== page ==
Paris: Europe vowed to its G20 partners on Saturday that it would take swift and decisive action to resolve a debt crisis that is threatening to drag the world economy back into recession.
Speaking after a meeting of G20 Finance Ministers and central bankers in Paris, French Finance Minister Francois Baroin said the eurozone would present answers as soon as next weekend, when EU leaders meet for a summit in Brussels.
"The results of the October 23 summit will be decisive," Baroin said. "We are acting resolutely to maintain financial stability."

The G20 Finance Chiefs welcomed Europe's efforts but made it clear more needed to be done.
"We welcome the adoption of the ambitious reform of the European economic governance," a joint statement after the meeting said, noting in particular the move to improve the flexibility of the eurozone rescue fund, the European Financial Stability Facility (EFSF).
"We look forward to further work to maximise the impact of the EFSF in order to avoid contagion, and to the outcome of the European Council on October 23 to decisively address the current challenges through a comprehensive plan," the statement said.
US Treasury Secretary Tim Geithner also said he was heartened by Europe's reassurances.
"We heard encouraging things from our European colleagues in Paris about a new comprehensive plan to deal with the crisis on the continent," Geithner told journalists after the talks.
"The elements of this plan include a much more substantial financial firewall to ensure that the governments of Europe can borrow at sustainable interest rates as they reform, a broad recapitalisation of banks, further support for a sustainable programme in Greece and steps toward fiscal union," he said.
"The plan has the right elements," he said.
G20 nations, which represent 85 percent of the global economy, are seeking to come up with concrete steps to boost growth that their leaders can announce at a summit next month.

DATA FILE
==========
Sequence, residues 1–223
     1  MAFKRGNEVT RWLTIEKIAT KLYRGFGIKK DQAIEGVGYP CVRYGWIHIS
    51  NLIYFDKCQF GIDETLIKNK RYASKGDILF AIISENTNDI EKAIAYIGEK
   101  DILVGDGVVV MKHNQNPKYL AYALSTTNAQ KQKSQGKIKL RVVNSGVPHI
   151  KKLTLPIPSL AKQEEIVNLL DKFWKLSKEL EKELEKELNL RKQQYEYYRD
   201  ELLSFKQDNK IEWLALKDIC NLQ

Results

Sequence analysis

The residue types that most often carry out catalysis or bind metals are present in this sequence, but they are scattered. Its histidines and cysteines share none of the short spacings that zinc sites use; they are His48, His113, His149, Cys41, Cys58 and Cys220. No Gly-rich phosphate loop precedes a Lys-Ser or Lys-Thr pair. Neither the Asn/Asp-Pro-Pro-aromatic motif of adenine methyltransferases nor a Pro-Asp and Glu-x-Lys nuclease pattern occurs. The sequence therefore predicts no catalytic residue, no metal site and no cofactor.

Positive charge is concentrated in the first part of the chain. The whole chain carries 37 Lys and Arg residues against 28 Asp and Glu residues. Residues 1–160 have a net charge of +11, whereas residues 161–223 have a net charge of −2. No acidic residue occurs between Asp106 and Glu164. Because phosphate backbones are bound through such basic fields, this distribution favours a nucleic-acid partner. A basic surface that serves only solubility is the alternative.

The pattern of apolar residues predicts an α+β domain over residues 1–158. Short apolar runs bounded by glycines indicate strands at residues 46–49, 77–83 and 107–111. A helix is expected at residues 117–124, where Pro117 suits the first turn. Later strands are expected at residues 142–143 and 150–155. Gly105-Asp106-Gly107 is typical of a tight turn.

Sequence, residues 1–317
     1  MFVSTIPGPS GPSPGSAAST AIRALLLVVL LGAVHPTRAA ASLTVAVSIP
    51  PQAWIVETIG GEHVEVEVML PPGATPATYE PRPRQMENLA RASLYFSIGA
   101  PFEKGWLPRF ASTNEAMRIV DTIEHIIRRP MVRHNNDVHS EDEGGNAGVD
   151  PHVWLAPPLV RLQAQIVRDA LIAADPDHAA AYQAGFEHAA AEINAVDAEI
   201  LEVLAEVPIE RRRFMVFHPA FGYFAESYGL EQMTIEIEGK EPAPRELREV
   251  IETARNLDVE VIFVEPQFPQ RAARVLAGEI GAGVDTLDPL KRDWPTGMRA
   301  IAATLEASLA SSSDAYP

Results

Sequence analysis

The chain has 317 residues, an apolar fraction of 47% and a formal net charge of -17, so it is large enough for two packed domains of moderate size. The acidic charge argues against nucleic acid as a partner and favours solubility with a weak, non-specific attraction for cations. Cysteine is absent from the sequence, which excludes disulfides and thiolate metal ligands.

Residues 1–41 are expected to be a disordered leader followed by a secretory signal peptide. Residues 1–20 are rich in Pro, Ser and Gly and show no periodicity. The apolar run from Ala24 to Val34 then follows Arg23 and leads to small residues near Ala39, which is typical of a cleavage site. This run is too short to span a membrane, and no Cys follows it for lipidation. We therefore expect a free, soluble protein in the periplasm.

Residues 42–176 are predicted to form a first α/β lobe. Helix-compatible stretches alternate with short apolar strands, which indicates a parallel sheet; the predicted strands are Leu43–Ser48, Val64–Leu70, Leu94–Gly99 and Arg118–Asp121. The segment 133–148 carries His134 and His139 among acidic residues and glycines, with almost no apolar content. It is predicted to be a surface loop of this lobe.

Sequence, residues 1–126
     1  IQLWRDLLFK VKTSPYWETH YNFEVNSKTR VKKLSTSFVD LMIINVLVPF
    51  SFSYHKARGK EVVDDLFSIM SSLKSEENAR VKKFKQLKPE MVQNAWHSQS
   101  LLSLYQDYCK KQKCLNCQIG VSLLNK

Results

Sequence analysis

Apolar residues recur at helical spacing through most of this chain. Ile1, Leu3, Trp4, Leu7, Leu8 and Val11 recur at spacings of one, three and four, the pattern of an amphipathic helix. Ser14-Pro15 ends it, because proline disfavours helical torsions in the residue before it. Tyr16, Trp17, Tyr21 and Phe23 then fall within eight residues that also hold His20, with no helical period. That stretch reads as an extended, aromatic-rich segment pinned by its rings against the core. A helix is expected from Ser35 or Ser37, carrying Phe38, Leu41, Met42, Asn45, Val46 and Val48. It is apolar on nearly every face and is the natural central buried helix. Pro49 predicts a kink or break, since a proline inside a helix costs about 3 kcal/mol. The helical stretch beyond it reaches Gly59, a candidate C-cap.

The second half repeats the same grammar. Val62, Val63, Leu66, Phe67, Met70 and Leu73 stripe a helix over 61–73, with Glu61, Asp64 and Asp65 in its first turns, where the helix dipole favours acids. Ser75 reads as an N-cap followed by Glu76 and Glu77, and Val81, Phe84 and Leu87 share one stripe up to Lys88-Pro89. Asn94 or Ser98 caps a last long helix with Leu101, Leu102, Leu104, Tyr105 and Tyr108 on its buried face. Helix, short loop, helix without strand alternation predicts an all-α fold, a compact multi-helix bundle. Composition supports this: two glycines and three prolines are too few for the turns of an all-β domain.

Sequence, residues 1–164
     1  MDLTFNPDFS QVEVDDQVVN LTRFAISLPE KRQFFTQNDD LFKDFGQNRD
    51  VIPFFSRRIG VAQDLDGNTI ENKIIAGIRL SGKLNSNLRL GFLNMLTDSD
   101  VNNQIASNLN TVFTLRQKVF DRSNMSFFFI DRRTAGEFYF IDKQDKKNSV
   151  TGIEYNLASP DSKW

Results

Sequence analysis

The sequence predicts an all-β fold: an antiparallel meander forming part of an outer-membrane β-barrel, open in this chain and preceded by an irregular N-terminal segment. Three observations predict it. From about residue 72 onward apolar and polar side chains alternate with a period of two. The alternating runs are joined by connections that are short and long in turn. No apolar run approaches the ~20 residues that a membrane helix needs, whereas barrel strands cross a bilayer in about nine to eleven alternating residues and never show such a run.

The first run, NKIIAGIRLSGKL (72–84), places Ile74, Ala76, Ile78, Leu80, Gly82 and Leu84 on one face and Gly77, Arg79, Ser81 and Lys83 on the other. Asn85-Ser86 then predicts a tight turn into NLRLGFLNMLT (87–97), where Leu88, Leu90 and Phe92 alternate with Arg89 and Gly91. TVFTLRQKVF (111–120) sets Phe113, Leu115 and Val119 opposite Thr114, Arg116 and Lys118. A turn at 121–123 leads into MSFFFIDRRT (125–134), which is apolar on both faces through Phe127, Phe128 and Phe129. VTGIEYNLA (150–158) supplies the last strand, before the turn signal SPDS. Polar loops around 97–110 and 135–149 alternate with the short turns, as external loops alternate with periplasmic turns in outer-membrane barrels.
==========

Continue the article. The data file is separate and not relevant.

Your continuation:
Among other measures, the G20 ministers also committed to ensuring the International Monetary Fund has adequate resources to deal with the debt crisis if it continues to spread.
The joint statement said the ministers had agreed that the IMF "must have adequate resources to fulfill its systemic responsibilities," but made no mention of expanding the IMF's resources to deal with the debt crisis.
Developing countries have spoken out in favour of boosting the IMF's firepower in order to help Europe -- something Germany is hesitant about and the United States opposes.
The statement said the issue would be raised again during the November 3 and 4 summit of G20 leaders in the French city of Cannes.
The eurozone is under pressure to quickly come up with convincing measures to tackle the debt crisis, which is spreading to banks and threatens to ensnare major countries such as Italy and Spain, with the EU summit next weekend shaping up to be decisive.
Elements of their strategy have become apparent in the past week, with top officials warning that investors are likely to lose more than the 21 percent on Greek sovereign
bonds already agreed in July as part of a second bailout for Athens.
Experts say Greece needs to cut its massive debt by around 50 percent to stabilise its finances.
That would send shockwaves through the continent's financial and banking system. European officials have warned banks they need to urgently boost their capital buffers -- according to some estimates by up to 300 billion euros (USD 415 billion).
After finally getting approval this week on boosting their European Financial Stability Facility (EFSF) bailout fund to 440 billion euros (USD 600 billion), eurozone leaders are already studying ways to leverage its assets up to 2.5 trillion euros.
The new-look EFSF will be able to inject money into shaky banks or intervene instead of the European Central Bank to support weaker eurozone countries facing problems in raising fresh funds on the markets.